November 10, 2003

The Fabric of Their Lives: U.S. cotton subsidies make the poor poorer

Jacob Sullum explains how cotton subsidies hurt poor farmers in less developed countries:

This arrangment, known as Step 2 of the "cotton competitiveness program," has cost taxpayers $1.7 billion during the last eight years. The payments have included $107 million to the Allenberg Cotton Co. of Cordova, Tennessee; $102 million to Dunavent Enterprises of Fresno, California, and Memphis, Tennessee; and $87 million to Cargill Cotton of Cordova, Tennessee.

You begin to see how Tennessee gets back $1.26 in spending for every dollar it sends to Washington. And these textile companies already benefit from trade barriers that restrict foreign competition, at the expense of American consumers and producers in other countries who do not have the same clout on Capitol Hill.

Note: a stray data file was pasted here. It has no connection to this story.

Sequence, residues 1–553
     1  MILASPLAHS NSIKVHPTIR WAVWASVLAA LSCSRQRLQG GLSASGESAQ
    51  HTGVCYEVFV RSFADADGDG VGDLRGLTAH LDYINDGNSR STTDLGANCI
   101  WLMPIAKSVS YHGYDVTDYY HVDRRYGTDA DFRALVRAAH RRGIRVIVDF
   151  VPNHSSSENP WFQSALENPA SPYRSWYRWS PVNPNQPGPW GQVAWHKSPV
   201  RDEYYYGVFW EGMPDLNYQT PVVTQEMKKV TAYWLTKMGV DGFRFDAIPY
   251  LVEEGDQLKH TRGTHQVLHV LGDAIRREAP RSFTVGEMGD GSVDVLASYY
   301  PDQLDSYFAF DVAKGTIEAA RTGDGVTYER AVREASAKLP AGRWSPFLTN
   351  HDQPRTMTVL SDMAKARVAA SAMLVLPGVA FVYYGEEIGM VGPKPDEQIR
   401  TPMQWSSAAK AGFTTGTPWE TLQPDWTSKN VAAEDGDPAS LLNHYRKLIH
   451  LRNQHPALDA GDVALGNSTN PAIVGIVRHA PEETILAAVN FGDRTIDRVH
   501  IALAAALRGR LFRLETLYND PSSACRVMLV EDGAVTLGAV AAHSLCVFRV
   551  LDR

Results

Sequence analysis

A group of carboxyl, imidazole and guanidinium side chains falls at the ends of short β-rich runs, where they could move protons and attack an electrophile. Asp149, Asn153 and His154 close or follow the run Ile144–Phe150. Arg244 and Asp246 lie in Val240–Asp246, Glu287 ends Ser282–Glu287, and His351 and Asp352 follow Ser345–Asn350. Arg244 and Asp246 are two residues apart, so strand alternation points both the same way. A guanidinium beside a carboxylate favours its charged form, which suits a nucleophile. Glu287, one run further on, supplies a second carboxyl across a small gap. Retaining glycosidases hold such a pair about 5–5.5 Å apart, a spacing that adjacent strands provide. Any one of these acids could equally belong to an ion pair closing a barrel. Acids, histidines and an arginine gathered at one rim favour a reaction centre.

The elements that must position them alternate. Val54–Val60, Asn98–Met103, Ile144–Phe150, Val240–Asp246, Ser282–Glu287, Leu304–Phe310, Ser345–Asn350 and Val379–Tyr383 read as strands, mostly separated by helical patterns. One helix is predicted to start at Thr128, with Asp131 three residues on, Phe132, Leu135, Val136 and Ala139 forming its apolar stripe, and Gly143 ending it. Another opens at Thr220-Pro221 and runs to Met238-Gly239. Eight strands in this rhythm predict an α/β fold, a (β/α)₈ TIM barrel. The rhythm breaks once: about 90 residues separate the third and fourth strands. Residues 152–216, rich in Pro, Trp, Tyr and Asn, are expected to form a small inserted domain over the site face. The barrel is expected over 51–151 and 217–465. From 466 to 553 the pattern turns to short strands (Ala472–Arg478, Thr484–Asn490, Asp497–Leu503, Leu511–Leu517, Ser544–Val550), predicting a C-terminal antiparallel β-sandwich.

Speaking of foreign competition, the cotton subsidies are shameful not only because U.S. farmers should have to play by the rules of the market but because this welfare program for the well-to-do has a ruinous impact on poor farmers in other countries who do not enjoy such largess. By artificially boosting the cotton supply, subsidies depress world prices, driving farmers in countries such as Mali, Benin, and Burkina Faso out of business. Oxfam estimates that U.S. subsidies cost cotton-growing African countries $300 million a year.